(3) Treaty on European Union, Feb. 7, 1992, 1992 O.J. (C 191) 1. The Treaty on European Union amended the Treaty of Rome (1957)--as previously amended by the Single European Act (1986)--by renaming it the Treaty Establishing the European Community. Treaty Establishing the European Community, Feb. 7, 1992, 1992 O.J. (C 224) 1, [1992] 1 C.M.L.R. 573 (1992) (hereinafter EC Treaty).

(4) EC Treaty, arts. 3a, 102a-109m, supra note 3.

(5) See European Council Madrid Presidency Conclusions, The Scenario for the Changeover to the Single Currency (Dec. 1995).

(6) European Council Madrid Presidency Conclusions, paras. 1-4 (June 1989).

(7) EC Treaty, arts. 109e-109i, supra note 3.

(8) EC Treaty, arts. 109j-109m, supra note 3.

(9) EC Treaty, art. 109j (selection of participating nations); EC Treaty art. 1091(4) (granting the council the power to take measures to implement the single currency), supra note 3.

(10) Concerning the powers, membership, and voting of the council, see EC Treaty, arts. 145-153, supra note 3.

(11) Concerning the powers, membership, and voting of the commission, see EC Treaty, arts. 154-163, supra note 3.

(12) For a description of the work of the Directorates-General, see CHRISTOPHER VINCENZI, LAW OF THE EUROPEAN COMMUNITY 16-17 (1996).

(13) Concerning the powers, membership, and voting of the Parliament, see EC Treaty, arts. 137-144, supra note 3.

(14) According to article 189 of the EC Treaty, regulations are binding in their entirety and directly applicable in all member states; directives are binding upon the result to be achieved in those member states to which they are addressed, leaving to the national authorities the choice of form and methods; and decisions are binding in their entirety upon those to whom they are addressed. EC Treaty, art. 189, supra note 3.

(15) Concerning the jurisdiction, membership, and voting of the European Court of Justice, see EC Treaty, arts. 164-188, supra note 3.

(16) See, e.g., Case 48/71, Commission v. Italy, 1971 E.C.R. 527, [1972] C.M.L.R. 699 (1972); Case C-213/89, The Queen v. Secretary of State for Transport ex parte Factortame Ltd., 1990 E.C.R. 1-2433, [1990] 3 C.M.L.R. 1 (1990).

(17) Council Regulation No. 974/98 of 3 May 1998 on the Introduction of the Euro, 1998 O.J. (L 139) 1 (hereinafter Council Regulation No. 974/98).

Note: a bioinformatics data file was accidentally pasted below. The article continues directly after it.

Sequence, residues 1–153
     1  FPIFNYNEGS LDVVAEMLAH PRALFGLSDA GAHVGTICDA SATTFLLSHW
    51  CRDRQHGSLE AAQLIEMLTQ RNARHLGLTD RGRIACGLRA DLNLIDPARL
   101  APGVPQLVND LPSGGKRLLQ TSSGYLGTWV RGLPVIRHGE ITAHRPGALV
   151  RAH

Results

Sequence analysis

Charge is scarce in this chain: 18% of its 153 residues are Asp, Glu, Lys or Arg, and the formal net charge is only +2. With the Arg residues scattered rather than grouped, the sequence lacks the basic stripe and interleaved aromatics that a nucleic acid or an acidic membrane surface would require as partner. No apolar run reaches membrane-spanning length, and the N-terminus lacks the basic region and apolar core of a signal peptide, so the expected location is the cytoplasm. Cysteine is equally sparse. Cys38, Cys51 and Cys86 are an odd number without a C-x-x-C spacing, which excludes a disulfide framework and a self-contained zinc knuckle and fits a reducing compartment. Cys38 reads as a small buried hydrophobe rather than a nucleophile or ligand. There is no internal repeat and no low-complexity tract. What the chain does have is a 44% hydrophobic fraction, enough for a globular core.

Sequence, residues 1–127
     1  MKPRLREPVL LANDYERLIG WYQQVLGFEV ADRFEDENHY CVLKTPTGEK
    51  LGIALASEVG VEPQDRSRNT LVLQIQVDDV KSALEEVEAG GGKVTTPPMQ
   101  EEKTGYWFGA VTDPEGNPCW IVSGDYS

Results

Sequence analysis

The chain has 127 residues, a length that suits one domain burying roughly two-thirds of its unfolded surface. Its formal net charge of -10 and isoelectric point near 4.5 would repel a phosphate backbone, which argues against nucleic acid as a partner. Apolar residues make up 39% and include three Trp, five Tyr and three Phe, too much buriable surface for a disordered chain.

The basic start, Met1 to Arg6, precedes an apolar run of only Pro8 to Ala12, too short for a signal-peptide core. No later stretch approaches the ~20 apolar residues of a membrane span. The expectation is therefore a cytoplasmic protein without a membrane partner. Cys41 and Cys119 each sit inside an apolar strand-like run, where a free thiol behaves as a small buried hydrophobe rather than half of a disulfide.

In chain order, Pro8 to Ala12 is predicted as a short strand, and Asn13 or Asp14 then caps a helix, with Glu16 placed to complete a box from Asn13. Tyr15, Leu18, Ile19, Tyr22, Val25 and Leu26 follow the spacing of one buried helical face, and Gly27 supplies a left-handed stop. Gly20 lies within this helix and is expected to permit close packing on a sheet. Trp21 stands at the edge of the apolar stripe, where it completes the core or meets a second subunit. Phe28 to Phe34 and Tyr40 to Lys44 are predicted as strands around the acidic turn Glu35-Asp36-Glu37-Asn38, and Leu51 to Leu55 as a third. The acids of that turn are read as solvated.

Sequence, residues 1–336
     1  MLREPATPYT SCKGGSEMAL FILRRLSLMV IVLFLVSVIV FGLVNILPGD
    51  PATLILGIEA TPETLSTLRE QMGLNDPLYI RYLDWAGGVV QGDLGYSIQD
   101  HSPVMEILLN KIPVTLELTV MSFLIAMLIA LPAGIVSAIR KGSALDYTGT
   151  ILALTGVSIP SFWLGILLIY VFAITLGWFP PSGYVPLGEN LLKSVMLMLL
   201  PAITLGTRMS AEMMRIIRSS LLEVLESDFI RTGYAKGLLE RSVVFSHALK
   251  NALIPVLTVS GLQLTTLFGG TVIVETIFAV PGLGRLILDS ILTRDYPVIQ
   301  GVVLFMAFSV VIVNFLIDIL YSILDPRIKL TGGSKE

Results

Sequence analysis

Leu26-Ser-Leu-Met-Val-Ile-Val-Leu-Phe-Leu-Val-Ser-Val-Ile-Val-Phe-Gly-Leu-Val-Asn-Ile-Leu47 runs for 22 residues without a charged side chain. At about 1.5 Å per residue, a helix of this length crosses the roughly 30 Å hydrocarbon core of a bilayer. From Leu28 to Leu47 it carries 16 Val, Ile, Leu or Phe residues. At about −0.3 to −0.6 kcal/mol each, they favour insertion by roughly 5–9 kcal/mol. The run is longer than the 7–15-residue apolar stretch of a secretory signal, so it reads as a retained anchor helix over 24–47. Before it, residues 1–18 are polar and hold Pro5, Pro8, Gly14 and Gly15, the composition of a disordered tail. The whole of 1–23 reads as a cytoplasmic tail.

(18) Council Regulation No. 1103/97 of 17 June 1997 on Certain Provisions Relating to the Introduction of the Euro, 1997 O.J. (L 162) 1 [hereinafter Council Regulation No. 1103/97].

(19) Council Regulation No. 974/98, supra note 17, at 4.

(20) Id. at 4-5.

(21) Council Regulation No. 1103/97, supra note 18, at 3. If the legal instrument in question does not specifically define the ECU obligation in terms of the ECU "as officially defined" (i.e., "as referred to in Article 109g of the Treaty and as defined in Regulation (EC) No. 3320/ 94"), then such references shall be presumed to be references to the officially defined ECU and thus replaced by the euro at a one-to-one rate. Such a presumption is made rebuttable, however, based upon the intentions of the parties to such an ECU denominated instrument.

(22) Id. at 3.

(23) Id. at 2.

(24) See European Commission, Directorate General II, Economic and Financial Affairs, The Legal Framework for the Use of the Euro--Questions and Answers on the Euro Regulations (II/487/97) (1997) at 10 [hereinafter Euro Questions]. Alongside the EURIBOR, which establishes the one to 12 month interbank euro interest rates, the European Central Bank has created the EONIA (Euro OverNight Index Average) as the effective overnight rate for the euro. See Association for the Monetary Union of Europe, EONIA to Become Effective Overnight Reference Rate for the Euro, AMUE Newsletter No. 34 (1998).

(25) Council Regulation No. 974/98, supra note 17, at 5.

(26) Id.

(27) Council Regulation No. 1103/97, supra note 18, at 3-4.